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Causal Inference and the Future of Clinical Trials

Randomizing every non-essential variable in a scientific experiment to isolate only specific relations is the simple but powerful idea behind Randomized Controlled Trials (RCT). In practical applications however, RCTs have proven to be arduous to set-up and because of the stringent inclusion/exclusion criteria, their results are often plagued by bias and shallow statistical value. On the other hand, observational studies are easier to implement, but the statistical results inferred are also heavily biased, due to the lack of knowledge or understanding of the underlying relations between the relevant variables of an experiment, and even worse skewed by spurious correlations. Machinelearning and deep-learning algorithms are not exempt from such grave issues: they leverage quantity of data over their quality, introducing bias and fundamentally lacking explainability as expected by their black box nature. In the following, we introduce the framework of causal inference, which allows one to disentangle the interactions between variables of an experiment in terms of their cause-effect relations to produce a glass box of explainable results. As long as these interactions are known, even though not necessarily observed or quantifiable, the formalism allows one to answer interventional questions typical of RCT, e.g. “what happens if I increase the dose of the drug?”, leveraging purely observational data. Under stronger assumptions, questions aiming at uncovering the “why?” behind a specific mechanism can also be rigorously answered within the framework. Causal inference is thus not only a logical, human-centered approach to statistical problems but also the next frontier of intelligent data analysis in clinical and medical settings.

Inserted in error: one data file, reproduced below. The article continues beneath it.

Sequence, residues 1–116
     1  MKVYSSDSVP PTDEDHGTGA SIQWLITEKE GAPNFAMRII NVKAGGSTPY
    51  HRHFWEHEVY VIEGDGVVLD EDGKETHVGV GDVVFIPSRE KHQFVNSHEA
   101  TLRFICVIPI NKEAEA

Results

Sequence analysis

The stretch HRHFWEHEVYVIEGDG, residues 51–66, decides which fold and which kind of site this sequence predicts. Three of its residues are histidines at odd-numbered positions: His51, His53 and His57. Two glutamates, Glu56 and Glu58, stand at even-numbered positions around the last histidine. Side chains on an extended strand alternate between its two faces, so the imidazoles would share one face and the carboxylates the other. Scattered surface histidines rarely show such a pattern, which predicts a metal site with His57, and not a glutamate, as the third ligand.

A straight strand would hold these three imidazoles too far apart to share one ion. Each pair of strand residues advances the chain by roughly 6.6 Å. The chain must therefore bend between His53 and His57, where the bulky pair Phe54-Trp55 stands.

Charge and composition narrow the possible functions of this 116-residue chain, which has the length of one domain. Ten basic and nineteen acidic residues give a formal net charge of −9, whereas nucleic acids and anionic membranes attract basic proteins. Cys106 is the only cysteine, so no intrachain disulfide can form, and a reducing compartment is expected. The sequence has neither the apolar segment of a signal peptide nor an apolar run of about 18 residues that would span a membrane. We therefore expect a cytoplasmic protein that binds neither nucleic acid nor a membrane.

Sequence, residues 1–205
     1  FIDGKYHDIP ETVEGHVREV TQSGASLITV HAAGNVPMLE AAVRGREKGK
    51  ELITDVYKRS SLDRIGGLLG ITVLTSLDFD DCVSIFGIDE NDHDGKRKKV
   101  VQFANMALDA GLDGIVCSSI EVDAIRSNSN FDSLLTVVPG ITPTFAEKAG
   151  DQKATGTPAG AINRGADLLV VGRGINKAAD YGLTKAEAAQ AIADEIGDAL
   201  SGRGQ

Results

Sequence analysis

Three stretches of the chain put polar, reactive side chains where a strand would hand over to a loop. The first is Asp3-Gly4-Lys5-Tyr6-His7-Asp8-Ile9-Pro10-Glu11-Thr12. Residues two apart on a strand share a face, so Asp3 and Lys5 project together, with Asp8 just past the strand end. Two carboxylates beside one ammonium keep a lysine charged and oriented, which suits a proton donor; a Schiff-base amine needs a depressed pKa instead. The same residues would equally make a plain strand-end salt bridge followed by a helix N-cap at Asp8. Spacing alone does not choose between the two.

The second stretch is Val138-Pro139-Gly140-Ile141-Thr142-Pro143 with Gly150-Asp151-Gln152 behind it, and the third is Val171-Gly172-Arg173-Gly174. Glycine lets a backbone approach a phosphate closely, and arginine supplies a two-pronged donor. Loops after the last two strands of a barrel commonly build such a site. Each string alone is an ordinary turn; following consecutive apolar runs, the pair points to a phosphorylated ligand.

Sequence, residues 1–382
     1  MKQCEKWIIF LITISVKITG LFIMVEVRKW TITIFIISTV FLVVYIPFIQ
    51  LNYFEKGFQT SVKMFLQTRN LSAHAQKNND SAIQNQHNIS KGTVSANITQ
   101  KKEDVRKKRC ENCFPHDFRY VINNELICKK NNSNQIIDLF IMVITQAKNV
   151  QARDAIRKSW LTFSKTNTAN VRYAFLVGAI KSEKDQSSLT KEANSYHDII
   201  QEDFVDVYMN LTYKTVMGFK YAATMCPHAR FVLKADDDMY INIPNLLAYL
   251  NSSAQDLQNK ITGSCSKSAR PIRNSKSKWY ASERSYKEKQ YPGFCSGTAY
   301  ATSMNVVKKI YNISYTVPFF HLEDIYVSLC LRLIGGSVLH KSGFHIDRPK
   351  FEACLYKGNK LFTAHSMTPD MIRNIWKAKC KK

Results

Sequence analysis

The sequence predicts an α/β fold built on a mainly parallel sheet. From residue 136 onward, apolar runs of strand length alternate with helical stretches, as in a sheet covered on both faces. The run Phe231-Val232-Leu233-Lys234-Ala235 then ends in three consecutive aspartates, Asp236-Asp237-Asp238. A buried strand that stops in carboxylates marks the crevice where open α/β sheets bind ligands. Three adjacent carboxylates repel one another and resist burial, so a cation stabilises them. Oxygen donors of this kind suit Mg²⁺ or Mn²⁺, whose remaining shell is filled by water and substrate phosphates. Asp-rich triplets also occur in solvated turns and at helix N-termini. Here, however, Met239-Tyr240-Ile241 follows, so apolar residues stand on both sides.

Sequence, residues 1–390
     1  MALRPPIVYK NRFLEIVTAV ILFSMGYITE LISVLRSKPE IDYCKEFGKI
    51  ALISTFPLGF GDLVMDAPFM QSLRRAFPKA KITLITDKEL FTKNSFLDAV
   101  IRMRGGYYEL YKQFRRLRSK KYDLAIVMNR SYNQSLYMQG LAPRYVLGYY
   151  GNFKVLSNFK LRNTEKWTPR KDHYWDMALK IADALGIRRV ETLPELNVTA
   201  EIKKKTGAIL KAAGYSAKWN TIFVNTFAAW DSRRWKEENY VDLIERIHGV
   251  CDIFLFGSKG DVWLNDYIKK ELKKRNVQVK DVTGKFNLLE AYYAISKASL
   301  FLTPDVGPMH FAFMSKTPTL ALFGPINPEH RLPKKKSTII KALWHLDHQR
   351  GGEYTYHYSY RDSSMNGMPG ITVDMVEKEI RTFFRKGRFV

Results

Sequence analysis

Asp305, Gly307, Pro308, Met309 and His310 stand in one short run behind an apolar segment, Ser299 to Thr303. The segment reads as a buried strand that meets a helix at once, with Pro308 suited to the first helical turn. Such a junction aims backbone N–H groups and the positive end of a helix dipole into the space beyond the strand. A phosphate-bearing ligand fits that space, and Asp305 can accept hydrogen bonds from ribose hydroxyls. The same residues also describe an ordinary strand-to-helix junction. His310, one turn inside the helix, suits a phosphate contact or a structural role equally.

Clinical trials are typically designed so that the effectiveness of a treatment on a specific outcome, such as the improvement of symptoms can be assessed. Deceivingly simple, the process of obtaining unbiased and statistically significant results is far from straightforward. In fact, while correlations between treatment and outcome can be easily computed, in principle exist many factors that can influence the outcome and treatments at the same time, (heavily) affecting the result. These factors may be known, observed or not (i.e. data was or was not collected for that specific factor/feature), or even unknown to the experimenter, inevitably lead to biased estimates. To bypass this problem an experimenter would keep all these factors either static or completely random, so that if they do have any influence it is averaged out. Randomized controlled trials (RCT) of this kind are however very difficult to set-up: inclusion/exclusion criteria tend to be too-strict, patients drop out, discontinue or mix treatments; other times, the cohort of patients cannot be selected by the experimenter (e.g. Covid-19 pandemic) leading to biased samples. In these situations, observational studies are instead performed: raw data – with no further information about their mutual interactions – are statistically correlated and, for instance, the effectiveness of a treatment on a symptom is evaluated.